When I started Federation Of Reggae Music I called David Rodigan and he said “You know I'm involved in anything you're doing. Just count me in”. I'm happy with David. He's got an MBE and some people have a problem with it. More power to his elbow. David Rodigan is an ambassador for reggae music. He's researched, he knows about the thing, he can lecture and talk about it. There are certain of our people who are going to have a problem with David Rodigan because he is making money out of this. If you've gone to school and you done your work and you've graduated, you get a job! (laughs) That's how I see David Rodigan. And people like Nick Manasseh and all those other people who are doing really great work.
It's like John Masouri. John Masouri is a big part of what I'm doing, in terms of my connectedness with John over the last 40 years. Those people were there right from the beginning. He was one of the first people to do an interview with me back in the day. We've always kind of kept in touch regardless of what was going on.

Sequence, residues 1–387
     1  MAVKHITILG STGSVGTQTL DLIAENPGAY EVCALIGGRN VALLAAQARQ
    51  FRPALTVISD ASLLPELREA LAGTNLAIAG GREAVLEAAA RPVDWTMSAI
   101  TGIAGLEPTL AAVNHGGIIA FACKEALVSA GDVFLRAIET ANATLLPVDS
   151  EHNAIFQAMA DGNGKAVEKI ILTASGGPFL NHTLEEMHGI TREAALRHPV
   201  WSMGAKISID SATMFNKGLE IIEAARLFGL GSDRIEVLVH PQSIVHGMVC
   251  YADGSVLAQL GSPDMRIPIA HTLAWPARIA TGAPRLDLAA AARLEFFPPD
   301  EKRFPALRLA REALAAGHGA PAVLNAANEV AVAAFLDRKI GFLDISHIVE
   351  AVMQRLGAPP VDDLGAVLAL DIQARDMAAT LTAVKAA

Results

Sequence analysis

What I'm doing is organising and bringing people in who fit in. It's like a Twelve Tribes thing. What you're doing today is part of the programme for me. We can't do it without people.
My thing is reggae music has always been a multicultural thing in Jamaica. The first man to have a studio in Jamaica wasn't a black man, it was a Syrian. I want to get away from the colour thing. And deal with the human thing within the business. My shop is open to everyone as long as they want to be positive. Any young person that wants to do reggae or dancehall, we can help them to do it. If they're going to set up a record label, we're going to help to set it up. If they want to become a promoter, we're going to show them how. The wider the thing gets, the better it is for everyone. You can't tell Japanese people “You can't do reggae”. The Chinese thing is really developing in China. And right around that belt in Indonesia. Reggae is really happening in those places. So we have to reach out to those people.
You mentioned on the phone that Gappy Ranks came out of one of your programmes. Tell me what you've been doing recently for music in this borough...
HPCC Bridge Park was Britain and Europe's biggest community initiative. It's a massive centre to help young people dealing with businesses. People have sporting interests. It’s there for anything that young people in the community aspire to. It's there as a platform to help them to get a start in life. So we developed the Talent Corporation International as part of Bridge Park.